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October 22, 2010
3 Min Read
The biggest impediment towards E2.0 surviving beyond the hype phase is that its quantifiable benefits remain unclear. Perhaps that's more true when you're talking generalized usage -- such as an activity stream for everything you're doing -- than it is for social tools directed at specific, tightly targeted, purposes.
Here, the canonical example is what Salesforce.com has shown can be done on the customer-relationship front by smartly monitoring Twitter.
At the InformationWeek 500, I saw a second interesting example, in a meeting where SuccessFactors discussed its acquisition of social-collaboration software provider CubeTree. SuccessFactors is tightly integrating CubeTree's tools into its own business-execution software. The latter is itself something of a new category, in that SuccessFactors is working to raise traditional human-resources-planning tools onto a more strategic plane. So in some sense you have a dual-pronged attack here, with two new areas combining to potentially deliver more value than simply the sum of the component parts.
The Internet Is making us stupid. Sitting down to write this column, I initially thought my riff on Nicolas Carr's new book, "The Shallows" was going to be simply for the purpose of stretching out this article so I wouldn't have to headline it "Four Trends. . ."
I speak of Carr because he spoke at the InformationWeek 500. His talk wound its way through the not-very-disruptive thesis that rampant multitasking has rendered us all incapable of tending to any task which takes longer than the making of instant oatmeal. However, his discussion was engaging, perhaps because he peppered it with quasi-academic references -- the invention of the printing press, blah, blah -- or maybe because he seemed like a thoughtful and decent guy.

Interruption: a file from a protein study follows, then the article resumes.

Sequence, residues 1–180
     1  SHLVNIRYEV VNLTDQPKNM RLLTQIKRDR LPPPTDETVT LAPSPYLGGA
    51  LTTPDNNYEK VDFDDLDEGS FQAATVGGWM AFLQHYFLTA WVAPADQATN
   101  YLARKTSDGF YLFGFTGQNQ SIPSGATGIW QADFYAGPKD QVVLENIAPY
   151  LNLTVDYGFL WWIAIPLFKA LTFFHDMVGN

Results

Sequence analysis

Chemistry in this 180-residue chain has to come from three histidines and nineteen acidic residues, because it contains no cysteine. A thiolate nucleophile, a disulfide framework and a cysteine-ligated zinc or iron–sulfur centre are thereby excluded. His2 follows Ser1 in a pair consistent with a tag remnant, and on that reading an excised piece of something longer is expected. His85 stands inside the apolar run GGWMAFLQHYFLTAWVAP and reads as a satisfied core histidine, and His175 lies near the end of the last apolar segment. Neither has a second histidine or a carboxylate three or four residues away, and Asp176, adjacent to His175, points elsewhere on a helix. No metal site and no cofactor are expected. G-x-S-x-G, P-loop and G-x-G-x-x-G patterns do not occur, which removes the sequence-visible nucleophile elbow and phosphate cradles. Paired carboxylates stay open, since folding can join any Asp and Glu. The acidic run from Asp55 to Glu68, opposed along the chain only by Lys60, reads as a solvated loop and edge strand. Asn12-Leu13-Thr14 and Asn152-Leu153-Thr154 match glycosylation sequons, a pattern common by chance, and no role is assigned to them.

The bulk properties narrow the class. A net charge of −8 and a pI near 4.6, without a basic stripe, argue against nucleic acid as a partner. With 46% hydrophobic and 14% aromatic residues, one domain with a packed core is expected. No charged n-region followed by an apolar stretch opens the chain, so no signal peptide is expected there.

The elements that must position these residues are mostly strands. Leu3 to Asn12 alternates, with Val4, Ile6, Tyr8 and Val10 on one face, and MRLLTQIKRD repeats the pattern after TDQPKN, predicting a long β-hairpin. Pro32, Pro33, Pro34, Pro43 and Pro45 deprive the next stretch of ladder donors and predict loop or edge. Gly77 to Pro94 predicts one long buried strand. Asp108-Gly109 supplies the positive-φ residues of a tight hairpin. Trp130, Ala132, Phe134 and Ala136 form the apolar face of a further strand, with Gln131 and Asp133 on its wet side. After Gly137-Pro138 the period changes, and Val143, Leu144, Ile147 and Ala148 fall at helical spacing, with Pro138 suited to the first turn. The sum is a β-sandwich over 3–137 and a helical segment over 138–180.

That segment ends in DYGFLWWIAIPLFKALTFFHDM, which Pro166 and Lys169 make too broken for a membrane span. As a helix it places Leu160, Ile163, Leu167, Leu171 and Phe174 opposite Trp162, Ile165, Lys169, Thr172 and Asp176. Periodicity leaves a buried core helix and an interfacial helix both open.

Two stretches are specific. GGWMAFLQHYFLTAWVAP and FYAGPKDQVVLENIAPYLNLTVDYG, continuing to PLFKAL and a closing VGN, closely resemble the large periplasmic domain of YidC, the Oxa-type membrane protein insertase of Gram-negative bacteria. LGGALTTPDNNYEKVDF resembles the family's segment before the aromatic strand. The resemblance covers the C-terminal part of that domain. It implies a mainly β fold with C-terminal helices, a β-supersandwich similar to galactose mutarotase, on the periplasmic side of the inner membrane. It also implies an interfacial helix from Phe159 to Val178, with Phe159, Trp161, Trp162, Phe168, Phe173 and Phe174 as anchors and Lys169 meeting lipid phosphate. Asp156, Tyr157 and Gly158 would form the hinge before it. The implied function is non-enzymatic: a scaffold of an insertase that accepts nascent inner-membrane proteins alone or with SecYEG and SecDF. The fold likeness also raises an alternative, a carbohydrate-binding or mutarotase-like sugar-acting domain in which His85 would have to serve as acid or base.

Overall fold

So why am I mentioning this? Well, as the infamous Imus once said about rapper Eminem: "If we're talking about him, it means he's over." Similarly, if everyone now accepts that the short attention span fostered by the Internet is having deleterious effects, then maybe we're all ready to step back from our Blackberrys for a bit and do some longer-term thinking.
Speaking of which, I already detect rising social approbation for obsessive e-mail checking in meetings; this wasn't the case only a year ago. So maybe there's hope. And, hey, if this isn't a message to Google to rethink Instant Search, I don't know what is.
What's Your Take?: Leave A Comment
What are your top tech trends for late 2010 and 2011? Let me know, by leaving a comment below, which will in turn stoke the discussion with your fellow readers.
Recommended Reading: Top 5 Reasons Windows Phone 7 Will/Won't Succeed Wolfe's Den: Top 5 Enterprise 2.0 Roadblocks Cisco Quad Exec Talks Enterprise 2.0 Video: SAP Demos StreamWork At Enterprise 2.0 IBM Adds Heft To Enterprise 2.0 Top 3 Pluses & Minuses Of Enterprise 2.0
Follow me on Twitter: (@awolfe58)
Alex Wolfe is editor-in-chief of InformationWeek.com.
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